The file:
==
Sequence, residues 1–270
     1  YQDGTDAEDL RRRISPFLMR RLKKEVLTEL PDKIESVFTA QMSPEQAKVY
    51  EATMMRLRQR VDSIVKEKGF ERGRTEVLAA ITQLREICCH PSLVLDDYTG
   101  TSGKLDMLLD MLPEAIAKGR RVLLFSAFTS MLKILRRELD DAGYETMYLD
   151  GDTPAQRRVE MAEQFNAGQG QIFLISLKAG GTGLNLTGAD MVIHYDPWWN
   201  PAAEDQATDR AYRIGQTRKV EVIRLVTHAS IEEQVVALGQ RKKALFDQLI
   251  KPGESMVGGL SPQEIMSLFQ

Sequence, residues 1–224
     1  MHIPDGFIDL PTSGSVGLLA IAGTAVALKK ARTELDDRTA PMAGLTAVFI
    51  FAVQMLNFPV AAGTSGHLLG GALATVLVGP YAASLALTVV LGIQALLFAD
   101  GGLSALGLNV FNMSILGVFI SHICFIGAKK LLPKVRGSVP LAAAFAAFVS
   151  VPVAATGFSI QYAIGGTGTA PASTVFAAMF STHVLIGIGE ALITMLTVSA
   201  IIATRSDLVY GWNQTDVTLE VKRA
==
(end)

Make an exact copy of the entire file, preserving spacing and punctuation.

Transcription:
Sequence, residues 1–270
     1  YQDGTDAEDL RRRISPFLMR RLKKEVLTEL PDKIESVFTA QMSPEQAKVY
    51  EATMMRLRQR VDSIVKEKGF ERGRTEVLAA ITQLREICCH PSLVLDDYTG
   101  TSGKLDMLLD MLPEAIAKGR RVLLFSAFTS MLKILRRELD DAGYETMYLD
   151  GDTPAQRRVE MAEQFNAGQG QIFLISLKAG GTGLNLTGAD MVIHYDPWWN
   201  PAAEDQATDR AYRIGQTRKV EVIRLVTHAS IEEQVVALGQ RKKALFDQLI
   251  KPGESMVGGL SPQEIMSLFQ

Sequence, residues 1–224
     1  MHIPDGFIDL PTSGSVGLLA IAGTAVALKK ARTELDDRTA PMAGLTAVFI
    51  FAVQMLNFPV AAGTSGHLLG GALATVLVGP YAASLALTVV LGIQALLFAD
   101  GGLSALGLNV FNMSILGVFI SHICFIGAKK LLPKVRGSVP LAAAFAAFVS
   151  VPVAATGFSI QYAIGGTGTA PASTVFAAMF STHVLIGIGE ALITMLTVSA
   201  IIATRSDLVY GWNQTDVTLE VKRA